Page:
Julie Krolak holds a M.A. in TESOL from the Monterey Institute. Before coming to the Institute, she taught in China, South Korea, and at various universities and language schools in the U.S. She also started and managed her own language schools in the People's Republic of China. Her educational focuses are in the fields of language assessment, pragmatics, and the teaching of reading and vocabulary. When she is not in the classroom, she spends her time doing yoga, hiking, reading, cooking, and traveling.
In the spirit of expanding horizons and opening minds, the Monterey Institute welcomes local high school students each year for a full day of activities inspired by International Education Day. This year about 130 students from Monterey, Seaside, Carmel, and Pacific Grove attended the celebration organized by the Institute’s Student Services Office with the help of numerous students and faculty.
I am passionate about how international education promotes intercultural dialogue.
Signalling continuous growth and expansion of academic programs, the Monterey Institute welcomed nine new faculty members this fall. The new faculty reflect the diverse campus, arriving from near and far and bringing a range of new experience and knowledge to share with students in different programs.
I am most passionate about having my students become proficient enough in interpreting so that they can start working in the real world the next day they graduate from MIIS.
In an article published in Fortune, CNN Money and Money on June 5, Center for the Blue Economy Director Jason Scorse explains the importance of calculating the market value of what is generally considered invaluable, using the example of the value of waves to a surfer. Professor Scorse also serves as program chair for the International Environmental Policy program at the Monterey Institute – and surfs.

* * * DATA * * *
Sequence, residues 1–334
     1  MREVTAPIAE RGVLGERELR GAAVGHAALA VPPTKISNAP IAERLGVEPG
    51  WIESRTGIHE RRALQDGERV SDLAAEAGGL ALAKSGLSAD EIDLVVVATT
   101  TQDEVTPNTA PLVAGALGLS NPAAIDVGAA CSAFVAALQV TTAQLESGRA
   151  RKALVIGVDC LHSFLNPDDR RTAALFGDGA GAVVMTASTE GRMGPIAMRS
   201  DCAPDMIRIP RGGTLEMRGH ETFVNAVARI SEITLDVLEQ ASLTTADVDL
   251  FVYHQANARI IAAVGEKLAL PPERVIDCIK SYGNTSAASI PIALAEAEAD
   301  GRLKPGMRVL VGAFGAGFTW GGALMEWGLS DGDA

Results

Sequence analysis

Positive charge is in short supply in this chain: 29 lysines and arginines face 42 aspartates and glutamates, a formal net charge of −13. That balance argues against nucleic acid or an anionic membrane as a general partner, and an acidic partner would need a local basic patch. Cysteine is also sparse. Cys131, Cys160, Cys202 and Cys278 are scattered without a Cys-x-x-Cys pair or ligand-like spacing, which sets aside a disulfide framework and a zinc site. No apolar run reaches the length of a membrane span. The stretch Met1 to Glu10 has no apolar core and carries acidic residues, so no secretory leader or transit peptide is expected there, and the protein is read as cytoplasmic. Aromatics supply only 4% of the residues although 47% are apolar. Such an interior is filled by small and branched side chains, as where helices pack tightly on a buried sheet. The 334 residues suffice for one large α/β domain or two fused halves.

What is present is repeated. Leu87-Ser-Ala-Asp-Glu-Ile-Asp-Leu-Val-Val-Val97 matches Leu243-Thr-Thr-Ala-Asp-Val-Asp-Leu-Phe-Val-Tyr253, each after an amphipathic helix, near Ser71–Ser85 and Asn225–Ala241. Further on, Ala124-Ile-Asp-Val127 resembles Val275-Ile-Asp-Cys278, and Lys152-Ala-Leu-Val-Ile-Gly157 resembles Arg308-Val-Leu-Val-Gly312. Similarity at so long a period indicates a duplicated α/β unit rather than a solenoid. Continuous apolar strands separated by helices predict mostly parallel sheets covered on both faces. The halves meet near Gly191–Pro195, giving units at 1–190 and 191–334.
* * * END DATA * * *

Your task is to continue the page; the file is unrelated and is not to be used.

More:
Abdelkader Berrahmoun hails from Oran, Algeria in North Africa. After completing a B.A. in Philosophy from Oran University in 1991, he left Algeria to pursue a master’s degree at Creteil University in Paris, France.
As a scholar, I am most passionate about the value of multilingualism, specifically equipping international organizations with policies to improve the language acquisition of their personnel, and which don't devalue local languages at the expense of English.
As an instructor, I am most passionate about equipping language professionals to understand the beauty and creativity of linguistic structure, and its relevance to language pedagogy.
I am passionate about working with language teachers to develop curricula and pedagogical practices that promote students’ language acquisition and critical thinking skills.
As a teacher, I most enjoy classroom discussions that take on a life of their own; that is, ones that unfold in an organic, conversational fashion. In my experience, it is during discussions like these that the greatest amount of new ground is broken.
I loved history in high school but I decided to study Conference Interpreting. I didn’t know that you could actually become a part of history or, better said, be a witness of how history unfolds while working as a conference interpreter during international negotiations, at trade union meetings, in medical symposia on healing an illness or at events to help developing countries. I never would have fathomed that as an interpreter, I would have so many doors open up to me, which are otherwise closed to others.